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Old 12-31-2008, 09:48 PM   #1
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ISO an easy lobster bisque recipe

Happy New Year!

I just finished enjoying my end of year lobster dinner, and decided I wanted to make lobster bisque from all those shells, bodies, legs and other leftover bits.

MY problem is finding a relatively easy recipe for the bisque. I've found some very complex ones that I am not comfortable attempting (yet). I think I have a handle on making the lobster stock, but I dunno what to do with it after that.

Thanking you all in advance for you assistance

Wendy

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Old 01-01-2009, 11:07 AM   #2
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I've been doing some research and have an idea. I found that Bisque is a cream and sherry based soup. So my thoughts are this:

Make a roux with 1/4 cup olive oil and 1/4 cup flour. Add 2 (?) cups light cream whisk the hell out of it (I don't think it should boil or even simmer?) . Add 1/2 cup (?) budget cooking sherry, not sure when this should get added. I have no idea how much cream base this should make, but I'm winging it here.

I'm going to use the lobster stock from cooksrecipe.com


Add HOT lobster stock to the cream base

and from there, I'm not sure where to go.....
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Old 01-01-2009, 11:22 AM   #3
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Here's a good looking recipe for lobster bisque:

Best Lobster Bisque Recipe | ifood.tv
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Old 01-01-2009, 03:15 PM   #4
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If you're asking for a personal, kitchen-tested recipe from one of the DC members, I'm happy to share mine. I'm orginally from Florida and owned a seafood restaurant there, so my recipe uses whole Florida lobster tails, including the shells (for color and flavor), but you can easily adapt it for Maine lobster. It will be much better if you use the shells, not just the meat.

Florida Lobster Bisque

1 med. onion, chpooed
1 carrot, chopped
1 med. stalk celery, chopped
2 Tbsp butter
4 to 6 lobster tails
1 can beef broth
1 cup dry white wine
1 cup cream
1 Tbsp parsley, chopped (flat-leaf, if available)
1 Pinch thyme
1 Pinch marjoram
2 cans chicken broth
1 Tbsp tomato paste
Salt & pepper to taste
Corn starch or flour for thickening

Saute vegetables in butter until limp, add parsley. Stir, then add lobster tails and just enough beef broth to keep the vegetables from burning. Stir, cover and cook over low heat until the lobster shells turn red, about 10 minutes. Add tomato paste, chicken broth and wine. Re-cover and cook 15 minutes more. Remove lobster and strain broth. Shell the lobster, chop the meat and return it to the pot, discarding the shells. At this point you may refrigerate until ready to serve. I always make mine ahead of time and finish it just before serving.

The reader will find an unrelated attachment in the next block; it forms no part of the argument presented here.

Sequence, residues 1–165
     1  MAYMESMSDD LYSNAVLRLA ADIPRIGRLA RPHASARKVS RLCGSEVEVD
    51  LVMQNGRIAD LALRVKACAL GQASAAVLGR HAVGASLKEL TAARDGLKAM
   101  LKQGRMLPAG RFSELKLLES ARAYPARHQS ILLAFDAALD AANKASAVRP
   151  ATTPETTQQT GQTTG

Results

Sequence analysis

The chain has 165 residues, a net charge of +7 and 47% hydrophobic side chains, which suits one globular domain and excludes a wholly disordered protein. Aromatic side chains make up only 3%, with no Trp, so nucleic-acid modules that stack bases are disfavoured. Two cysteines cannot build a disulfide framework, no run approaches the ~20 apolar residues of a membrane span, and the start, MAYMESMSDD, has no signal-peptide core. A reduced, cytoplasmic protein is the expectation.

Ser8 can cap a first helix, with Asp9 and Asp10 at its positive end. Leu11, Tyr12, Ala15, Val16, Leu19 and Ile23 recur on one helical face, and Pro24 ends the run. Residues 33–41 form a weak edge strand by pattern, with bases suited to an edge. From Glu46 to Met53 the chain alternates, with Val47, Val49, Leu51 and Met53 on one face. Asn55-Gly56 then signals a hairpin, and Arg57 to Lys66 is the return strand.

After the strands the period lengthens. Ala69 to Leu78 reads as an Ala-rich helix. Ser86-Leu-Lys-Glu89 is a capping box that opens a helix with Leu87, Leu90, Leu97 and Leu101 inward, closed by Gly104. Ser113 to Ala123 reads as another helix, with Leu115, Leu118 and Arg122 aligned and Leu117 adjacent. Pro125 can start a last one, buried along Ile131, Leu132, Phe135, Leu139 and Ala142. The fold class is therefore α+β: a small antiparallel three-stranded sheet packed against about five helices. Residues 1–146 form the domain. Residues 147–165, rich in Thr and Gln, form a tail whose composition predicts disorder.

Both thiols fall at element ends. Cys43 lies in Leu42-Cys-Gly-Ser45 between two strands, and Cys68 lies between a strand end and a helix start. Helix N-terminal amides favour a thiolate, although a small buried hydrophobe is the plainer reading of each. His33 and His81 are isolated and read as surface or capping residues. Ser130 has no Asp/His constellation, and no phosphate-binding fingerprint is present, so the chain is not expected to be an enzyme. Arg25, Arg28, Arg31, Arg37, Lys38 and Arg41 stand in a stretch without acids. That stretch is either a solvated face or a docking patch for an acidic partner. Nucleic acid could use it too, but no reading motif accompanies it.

To finish, add cream, salt and pepper, and thicken a little with a slurry of corn starch or flour, mixed with water and beaten until it's smooth. If you have a good dry sherry, you may add a float (or flame it) on top. Most people don't have (and don't want to pay for) good sherry. In which case, you're better off omitting it entirely. Cheap sherry is an abomination and can't be substituted without ruining the bisque, and sherry is totally unnecessary. I seldom add it.

NOTE: With minor adaptations, this recipe also works well with crawfish, shrimp and crab. In each case, use the shells to make your base and you'll get much better results.
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Old 01-01-2009, 03:25 PM   #5
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Wendy, after posting I went back and re-read your original post and it seems like maybe your question is about using lobster stock as a base. My recipe doen't really call for lobster stock, but if you're comfortable making lobster stock you can certainly substitute it for the chicken stock I use. The only thing to remember is that it needs to have some lobster flavor to it, but not be overly seasoned.

I think my recipe is about as easy as you'll find and you'll get a great result if you follow it without too many changes. Most importantly, don't use cheap cooking sherry in it. You'll absolutely ruin it.

You don't really need to make a roux. A simple flour and water slurry will work fine. However, if you want to make a roux, it should be a light roux of butter and flour, barely cooked, not a dark roux like you'd use for cajun/creole cooking. Once made, remove it from the heat and add some of the stock to temper it, stirring well. Add your cream to the bisque, bring it up to temperature but don't let it start to boil or get too hot. Then stir in your tempered roux a little at a time until you get the consistency you want.

Good luck, and let me know if you have other questions.
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